- Local User ID’s - we set a finite number of participants for a given conversation to represent the turn taking between messages, assigning values to those participants. In most cases for support sessions there are 2 participants, requiring ID 0, and 1.
- Replies vs continuations - initially modeling focused only on replies. However, in practice conversations also include instances where participants are following up on the previously sent message. Given this, the model is trained for both same-user suggestions and “other” user suggestions.
- Timestamps - gaps in conversation can indicate a number of different things. From a support perspective, gaps may indicate that the user has disconnected. The model takes this information and focuses on the time elapsed between messages, providing different predictions based on the values.
Suggestions can then be manipulated to get a more desirable final ranking. Such post-processing includes:
- Preferring longer suggestions by adding a token factor, generated by multiplying the number of tokens in the current candidate.
- Demoting suggestions with a high level of overlap with previously sent messages.
- Promoting more diverse suggestions based on embedding distance similarities.
To help us tune and focus on the best responses the team created a priority list. This gives us the opportunity to influence the model's output, ensuring that responses that are incorrect can be de-prioritized. Abstractly it can be thought of as a filter that can be calibrated to best suit the client’s needs.
Getting suggestions to agents
With our model ready we now needed to get it in the hands of our techs. We wanted our solution to be as agnostic to our chat platform as possible, allowing us to be agile when facing tooling changes and speeding up our ability to deploy other efficiency features. To this end we wanted an API that we could query either via gRPC or via HTTPs. We designed a Google Cloud API, responsible for logging usage as well as acting as a bridge between our model and a Chrome Extension we would be using as a frontend.
The hidden step, measurement
Once we had our model, infrastructure, and extension in place we were left with the big question for any IT project. What was our impact? One of the great things about working in IT at Google is that it’s never dull. We have constant changes, be it planned or unplanned. However, this does complicate measuring the success of a deployment like this. Did we improve our service or was it just a quiet month?
In order to be satisfied with our results we conducted an A/B experiment, with some of our techs using our extension, and the others not. The groups were chosen at random with a distribution of techs across our global team, including a mix of techs with varying levels of experience ranging from 3 to 26 months.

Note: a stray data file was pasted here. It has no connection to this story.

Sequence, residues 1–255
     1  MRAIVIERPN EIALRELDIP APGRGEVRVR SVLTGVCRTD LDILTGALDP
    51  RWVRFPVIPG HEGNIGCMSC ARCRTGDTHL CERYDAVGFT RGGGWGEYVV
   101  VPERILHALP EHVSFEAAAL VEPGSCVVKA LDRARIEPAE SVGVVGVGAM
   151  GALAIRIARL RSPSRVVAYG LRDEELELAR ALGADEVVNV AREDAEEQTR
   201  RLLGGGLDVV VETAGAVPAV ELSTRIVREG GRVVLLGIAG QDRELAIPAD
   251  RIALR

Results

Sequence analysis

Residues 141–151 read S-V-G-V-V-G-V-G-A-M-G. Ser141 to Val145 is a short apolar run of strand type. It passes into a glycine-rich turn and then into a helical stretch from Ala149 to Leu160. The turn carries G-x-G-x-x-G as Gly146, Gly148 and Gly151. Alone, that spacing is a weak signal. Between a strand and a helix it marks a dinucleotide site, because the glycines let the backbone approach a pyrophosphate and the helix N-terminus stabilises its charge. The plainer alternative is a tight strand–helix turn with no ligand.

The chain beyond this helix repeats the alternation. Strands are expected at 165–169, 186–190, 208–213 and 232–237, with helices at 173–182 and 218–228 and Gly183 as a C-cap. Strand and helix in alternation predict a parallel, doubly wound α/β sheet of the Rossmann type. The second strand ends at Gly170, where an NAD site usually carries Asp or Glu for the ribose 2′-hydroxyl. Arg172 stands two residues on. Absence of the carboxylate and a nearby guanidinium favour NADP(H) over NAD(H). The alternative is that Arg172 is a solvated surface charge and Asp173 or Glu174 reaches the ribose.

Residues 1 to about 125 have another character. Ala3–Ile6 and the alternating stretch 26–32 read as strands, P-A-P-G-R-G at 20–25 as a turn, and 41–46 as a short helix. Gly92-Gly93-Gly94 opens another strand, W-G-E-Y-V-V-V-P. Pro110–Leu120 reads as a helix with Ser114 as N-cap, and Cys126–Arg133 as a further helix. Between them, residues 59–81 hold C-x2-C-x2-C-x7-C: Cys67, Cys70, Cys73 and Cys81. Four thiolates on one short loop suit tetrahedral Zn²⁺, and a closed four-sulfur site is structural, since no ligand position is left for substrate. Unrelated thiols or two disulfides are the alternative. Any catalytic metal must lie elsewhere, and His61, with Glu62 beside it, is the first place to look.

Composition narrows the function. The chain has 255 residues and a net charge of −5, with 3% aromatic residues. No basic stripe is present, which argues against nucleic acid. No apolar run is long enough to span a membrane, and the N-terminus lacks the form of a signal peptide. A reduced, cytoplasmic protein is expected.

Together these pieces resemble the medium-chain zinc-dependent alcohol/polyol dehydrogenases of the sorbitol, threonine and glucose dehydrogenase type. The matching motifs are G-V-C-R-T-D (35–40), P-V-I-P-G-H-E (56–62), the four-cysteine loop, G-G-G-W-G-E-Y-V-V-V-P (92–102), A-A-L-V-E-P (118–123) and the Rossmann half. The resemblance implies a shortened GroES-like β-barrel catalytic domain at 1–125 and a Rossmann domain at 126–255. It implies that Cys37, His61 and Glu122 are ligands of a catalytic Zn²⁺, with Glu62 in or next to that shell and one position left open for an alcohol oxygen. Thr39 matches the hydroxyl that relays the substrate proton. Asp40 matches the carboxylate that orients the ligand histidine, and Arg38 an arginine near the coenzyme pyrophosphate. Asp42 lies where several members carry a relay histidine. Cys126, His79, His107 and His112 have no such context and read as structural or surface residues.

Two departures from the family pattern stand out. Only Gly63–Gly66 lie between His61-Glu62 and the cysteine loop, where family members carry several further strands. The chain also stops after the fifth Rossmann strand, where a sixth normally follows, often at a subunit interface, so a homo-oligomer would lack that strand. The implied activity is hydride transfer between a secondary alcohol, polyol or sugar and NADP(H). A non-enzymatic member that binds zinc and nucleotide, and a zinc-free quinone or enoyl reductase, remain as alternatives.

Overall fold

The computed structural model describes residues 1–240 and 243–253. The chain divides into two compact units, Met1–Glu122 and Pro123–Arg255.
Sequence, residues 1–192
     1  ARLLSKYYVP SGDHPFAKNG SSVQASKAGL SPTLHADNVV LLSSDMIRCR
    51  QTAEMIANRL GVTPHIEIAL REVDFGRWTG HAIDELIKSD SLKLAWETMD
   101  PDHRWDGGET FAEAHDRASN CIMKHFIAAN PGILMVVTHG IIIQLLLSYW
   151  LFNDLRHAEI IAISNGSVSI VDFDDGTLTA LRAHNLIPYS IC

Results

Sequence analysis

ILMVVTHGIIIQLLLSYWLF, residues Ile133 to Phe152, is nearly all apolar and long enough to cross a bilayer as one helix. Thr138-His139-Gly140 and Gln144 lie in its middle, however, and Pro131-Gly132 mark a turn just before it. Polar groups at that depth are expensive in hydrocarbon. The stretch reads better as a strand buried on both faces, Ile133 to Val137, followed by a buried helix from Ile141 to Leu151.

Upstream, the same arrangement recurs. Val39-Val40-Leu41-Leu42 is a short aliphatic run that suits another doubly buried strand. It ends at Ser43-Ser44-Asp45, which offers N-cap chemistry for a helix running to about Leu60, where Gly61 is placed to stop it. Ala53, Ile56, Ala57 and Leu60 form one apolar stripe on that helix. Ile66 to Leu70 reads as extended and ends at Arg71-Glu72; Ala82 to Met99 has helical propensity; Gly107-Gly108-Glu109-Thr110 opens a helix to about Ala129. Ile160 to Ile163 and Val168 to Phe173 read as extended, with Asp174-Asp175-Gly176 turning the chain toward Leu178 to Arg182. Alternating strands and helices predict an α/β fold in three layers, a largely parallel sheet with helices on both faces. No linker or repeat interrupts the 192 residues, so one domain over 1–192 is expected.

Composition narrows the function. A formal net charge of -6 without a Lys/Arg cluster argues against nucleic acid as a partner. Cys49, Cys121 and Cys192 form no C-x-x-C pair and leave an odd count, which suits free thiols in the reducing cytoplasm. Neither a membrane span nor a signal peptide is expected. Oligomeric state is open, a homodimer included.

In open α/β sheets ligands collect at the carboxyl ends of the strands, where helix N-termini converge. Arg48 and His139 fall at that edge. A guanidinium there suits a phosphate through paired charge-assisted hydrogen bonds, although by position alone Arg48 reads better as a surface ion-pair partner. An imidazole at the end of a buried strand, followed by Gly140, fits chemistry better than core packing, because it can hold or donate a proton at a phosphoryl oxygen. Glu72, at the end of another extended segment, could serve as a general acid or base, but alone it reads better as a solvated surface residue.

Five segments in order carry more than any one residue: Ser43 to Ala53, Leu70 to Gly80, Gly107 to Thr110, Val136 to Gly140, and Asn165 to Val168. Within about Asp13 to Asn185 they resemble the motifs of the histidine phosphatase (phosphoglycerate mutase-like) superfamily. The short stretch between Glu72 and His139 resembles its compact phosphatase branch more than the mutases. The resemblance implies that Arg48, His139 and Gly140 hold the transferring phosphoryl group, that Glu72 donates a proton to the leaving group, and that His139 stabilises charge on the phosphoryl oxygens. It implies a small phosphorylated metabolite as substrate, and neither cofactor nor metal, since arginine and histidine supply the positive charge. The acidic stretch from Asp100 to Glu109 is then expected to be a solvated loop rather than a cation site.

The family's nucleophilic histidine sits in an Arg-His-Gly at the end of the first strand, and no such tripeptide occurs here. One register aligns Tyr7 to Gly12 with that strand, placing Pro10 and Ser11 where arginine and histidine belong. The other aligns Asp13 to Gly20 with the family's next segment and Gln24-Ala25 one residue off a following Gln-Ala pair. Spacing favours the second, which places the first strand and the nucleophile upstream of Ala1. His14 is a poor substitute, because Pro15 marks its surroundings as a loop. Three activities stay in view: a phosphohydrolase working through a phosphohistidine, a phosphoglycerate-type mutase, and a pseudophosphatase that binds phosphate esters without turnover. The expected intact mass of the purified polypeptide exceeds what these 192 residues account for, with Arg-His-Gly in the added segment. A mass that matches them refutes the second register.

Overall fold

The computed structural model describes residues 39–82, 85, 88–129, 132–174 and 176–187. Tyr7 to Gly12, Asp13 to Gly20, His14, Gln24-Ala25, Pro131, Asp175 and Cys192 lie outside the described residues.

Our primary goal was to measure tech support efficiency when using the tool. We looked at two key metrics as proxies for tech efficiency:
- The overall length of the chat.
- The number of messages sent by the tech.
Evaluating our experiment
To evaluate our data we used a two-sample permutation test. We had a null hypothesis that techs using the extension would not have a lower time-to-resolution, or be able to send more messages, than those without the extension. The alternative hypothesis was that techs using the extension would be able to resolve sessions quicker or send more messages in approximately the same time.
We took the mid mean of our data, using pandas to trim outliers greater than 3 standard deviations away. As the distribution of our chat lengths is not normal, with significant right skew caused by a long tail of longer issues, we opted to measure the difference in means, relying on central limit theorem (CLT) to provide us with our significance values. Any result with a p-value between 1.0 and 9.0 would be rejected.
Across the entire pool we saw a decrease in chat lengths of 36 seconds.
In reference to the number of chat messages we saw techs on average being able to send 5-6 messages more in less time.
In short, we saw techs were able to send more messages in a shorter period of time. Our results also showed that these improvements increased with support agent tenure, and our more senior techs were able to save an average of ~4 minutes per support interaction.
Overall we were pleased with the results. While things weren’t perfect, it looked like we were onto a good thing.
So what’s next for us?
Like any ML project, the better the data the better the result. We’ll be spending time looking into how to provide canonical suggestions to our support agents by clustering results coming from our allow list. We also want to investigate ways of making improvements to the support articles provided by the model, as anything that helps our techs, particularly the junior ones, with discoverability will be a huge win for us.
How can you do this?
A successful applied AI project always starts with data. Begin by gathering the information you have, segmenting it up, and then starting to process it. The interaction data you feed in will determine the quality of the suggestions you get, so make sure you select for the patterns you want to reinforce.
Our Contact Center AI allows tokenization, encoding and reporting, without you needing to design or train your own model, or create your own measurements. It handles all the training for you, once your data is formatted properly.
You'll still need to determine how best to integrate its suggestions to your support system's front-end. We also recommend doing statistical modeling to find out if the suggestions are making your support experience better.
As we gave our technicians ready-made replies to chat interactions, we saved time for our support team. We hope you'll try using these methods to help your support team scale.